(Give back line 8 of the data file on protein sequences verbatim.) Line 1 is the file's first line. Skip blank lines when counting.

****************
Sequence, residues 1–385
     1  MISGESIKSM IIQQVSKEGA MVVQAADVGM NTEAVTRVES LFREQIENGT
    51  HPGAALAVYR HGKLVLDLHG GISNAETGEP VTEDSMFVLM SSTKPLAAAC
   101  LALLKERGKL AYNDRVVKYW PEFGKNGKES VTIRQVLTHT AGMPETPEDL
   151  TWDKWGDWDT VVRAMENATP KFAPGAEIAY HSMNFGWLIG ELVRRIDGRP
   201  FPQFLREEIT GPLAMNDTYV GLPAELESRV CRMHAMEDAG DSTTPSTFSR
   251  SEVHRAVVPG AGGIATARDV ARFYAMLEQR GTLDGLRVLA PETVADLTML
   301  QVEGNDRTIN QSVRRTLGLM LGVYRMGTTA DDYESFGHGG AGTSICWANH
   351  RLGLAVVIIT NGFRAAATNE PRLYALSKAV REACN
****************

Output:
   301  QVEGNDRTIN QSVRRTLGLM LGVYRMGTTA DDYESFGHGG AGTSICWANH